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SFTree: An Efficient and Flexible Structure for Estimating Selectivity of Simple Path Expressions wi

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Title: SFTree: An Efficient and Flexible Structure for Estimating Selectivity of Simple Path Expressions wi


1
SF-Tree An Efficient and Flexible Structure for
Estimating Selectivity of Simple Path Expressions
with Accuracy Guarantee
  • Ho Wai Shing

2
Contents
  • Motivation
  • Problem Definition
  • Perfect Binary SF-Tree
  • Variations of SF-Tree
  • Experiments
  • Conclusion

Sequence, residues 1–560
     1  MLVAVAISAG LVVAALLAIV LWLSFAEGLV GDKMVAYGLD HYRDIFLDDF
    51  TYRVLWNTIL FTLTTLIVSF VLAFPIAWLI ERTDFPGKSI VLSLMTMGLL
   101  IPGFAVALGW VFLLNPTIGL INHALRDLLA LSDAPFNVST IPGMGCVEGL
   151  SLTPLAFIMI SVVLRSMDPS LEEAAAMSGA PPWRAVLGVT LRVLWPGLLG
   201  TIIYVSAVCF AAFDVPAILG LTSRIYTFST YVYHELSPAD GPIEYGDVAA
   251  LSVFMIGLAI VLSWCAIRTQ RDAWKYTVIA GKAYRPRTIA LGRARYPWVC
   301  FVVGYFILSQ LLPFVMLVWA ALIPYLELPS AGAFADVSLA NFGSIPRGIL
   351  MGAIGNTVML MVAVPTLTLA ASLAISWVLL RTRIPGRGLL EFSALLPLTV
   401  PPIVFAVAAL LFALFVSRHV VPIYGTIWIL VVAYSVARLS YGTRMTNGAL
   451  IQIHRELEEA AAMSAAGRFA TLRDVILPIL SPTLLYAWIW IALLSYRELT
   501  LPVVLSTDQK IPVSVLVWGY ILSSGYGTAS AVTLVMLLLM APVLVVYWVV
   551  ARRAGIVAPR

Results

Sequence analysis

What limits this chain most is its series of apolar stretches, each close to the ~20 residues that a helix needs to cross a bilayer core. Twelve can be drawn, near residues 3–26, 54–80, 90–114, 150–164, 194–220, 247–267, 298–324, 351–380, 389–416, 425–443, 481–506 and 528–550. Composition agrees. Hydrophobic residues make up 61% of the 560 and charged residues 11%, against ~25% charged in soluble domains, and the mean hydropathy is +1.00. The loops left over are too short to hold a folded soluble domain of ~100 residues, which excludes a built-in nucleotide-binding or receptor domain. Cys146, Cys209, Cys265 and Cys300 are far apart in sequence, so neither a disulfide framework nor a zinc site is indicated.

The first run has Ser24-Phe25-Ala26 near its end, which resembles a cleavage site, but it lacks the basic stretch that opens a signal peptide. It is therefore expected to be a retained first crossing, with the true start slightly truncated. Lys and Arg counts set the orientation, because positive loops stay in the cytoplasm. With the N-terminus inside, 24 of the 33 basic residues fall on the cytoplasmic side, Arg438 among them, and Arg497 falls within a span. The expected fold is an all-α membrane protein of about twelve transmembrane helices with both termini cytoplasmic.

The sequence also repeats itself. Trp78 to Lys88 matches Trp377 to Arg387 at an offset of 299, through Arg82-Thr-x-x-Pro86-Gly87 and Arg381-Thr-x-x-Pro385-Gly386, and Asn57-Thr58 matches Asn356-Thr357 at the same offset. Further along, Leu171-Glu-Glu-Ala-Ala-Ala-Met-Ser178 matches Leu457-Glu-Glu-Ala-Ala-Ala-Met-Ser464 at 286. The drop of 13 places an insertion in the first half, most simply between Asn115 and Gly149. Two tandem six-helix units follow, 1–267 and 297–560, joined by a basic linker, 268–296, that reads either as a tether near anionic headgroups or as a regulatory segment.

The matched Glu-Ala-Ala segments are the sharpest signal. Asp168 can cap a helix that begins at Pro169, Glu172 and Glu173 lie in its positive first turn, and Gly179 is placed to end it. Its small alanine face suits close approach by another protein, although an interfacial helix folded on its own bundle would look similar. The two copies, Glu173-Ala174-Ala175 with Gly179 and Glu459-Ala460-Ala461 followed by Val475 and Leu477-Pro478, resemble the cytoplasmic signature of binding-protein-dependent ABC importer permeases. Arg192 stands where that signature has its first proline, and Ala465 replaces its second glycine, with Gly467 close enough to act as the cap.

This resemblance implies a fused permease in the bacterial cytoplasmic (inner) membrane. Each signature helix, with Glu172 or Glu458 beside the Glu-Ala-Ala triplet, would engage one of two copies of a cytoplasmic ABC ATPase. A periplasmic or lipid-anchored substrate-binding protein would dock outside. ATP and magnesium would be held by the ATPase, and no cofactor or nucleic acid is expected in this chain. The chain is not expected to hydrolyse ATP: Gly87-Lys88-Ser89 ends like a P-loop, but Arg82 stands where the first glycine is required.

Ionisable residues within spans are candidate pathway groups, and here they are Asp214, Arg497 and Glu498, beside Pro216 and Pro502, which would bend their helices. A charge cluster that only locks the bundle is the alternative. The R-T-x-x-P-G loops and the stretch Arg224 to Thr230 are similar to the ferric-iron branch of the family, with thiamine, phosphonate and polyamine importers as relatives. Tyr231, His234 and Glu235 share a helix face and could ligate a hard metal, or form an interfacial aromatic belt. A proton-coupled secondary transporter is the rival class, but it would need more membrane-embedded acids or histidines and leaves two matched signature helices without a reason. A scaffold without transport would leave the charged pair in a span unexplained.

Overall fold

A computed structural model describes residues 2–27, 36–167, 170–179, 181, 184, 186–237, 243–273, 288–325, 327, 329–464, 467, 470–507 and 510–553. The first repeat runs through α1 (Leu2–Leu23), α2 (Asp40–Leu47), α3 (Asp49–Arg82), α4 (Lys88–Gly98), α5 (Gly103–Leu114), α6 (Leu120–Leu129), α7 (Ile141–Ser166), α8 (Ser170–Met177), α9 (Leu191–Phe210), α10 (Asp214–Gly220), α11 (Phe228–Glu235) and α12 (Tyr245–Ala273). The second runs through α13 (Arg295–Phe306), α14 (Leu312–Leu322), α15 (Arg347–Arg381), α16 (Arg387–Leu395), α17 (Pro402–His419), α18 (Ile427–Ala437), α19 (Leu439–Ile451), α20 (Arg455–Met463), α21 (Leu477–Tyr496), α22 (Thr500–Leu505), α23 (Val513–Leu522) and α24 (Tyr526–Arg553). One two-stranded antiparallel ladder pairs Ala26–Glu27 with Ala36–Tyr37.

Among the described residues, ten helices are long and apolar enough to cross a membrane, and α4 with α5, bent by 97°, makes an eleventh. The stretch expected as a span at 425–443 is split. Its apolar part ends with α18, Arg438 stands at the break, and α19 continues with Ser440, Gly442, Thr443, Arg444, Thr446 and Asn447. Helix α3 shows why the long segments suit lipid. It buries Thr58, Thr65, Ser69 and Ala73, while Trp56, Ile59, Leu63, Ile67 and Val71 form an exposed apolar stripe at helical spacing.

3
Motivation
4
Motivation
  • XML is becoming more and more popular
  • e.g., product catalogs, invoices, documentations,
    etc
  • We need to extract useful information out of them
  • Queries, usually in form of XQuery or XPath, are
    important

5
Motivation
6
Motivation
  • e.g.,
  • FOR i IN document()//buyer/name
  • j IN document()//seller/name
  • WHERE i/text()j/text()
  • RETURN i

7
Motivation
  • To evaluate this query, different evaluation
    plans are available
  • FOR i IN document()//buyer/name
  • j IN document()//seller/name
  • WHERE i/text()j/text()
  • RETURN i

8
Motivation
  • To select the best query plan, we need the
    selectivity of simple path expressions (SPEs)
  • To retrieve selectivity counts, we need a
    structure to store suitable statistics of the
    original XML document collection

9
Motivation
  • We may use path indices to store this
    SPE-to-selectivity mapping
  • e.g., DataGuide, path tree, 1-index etc.
  • disadvantage designed for absolute path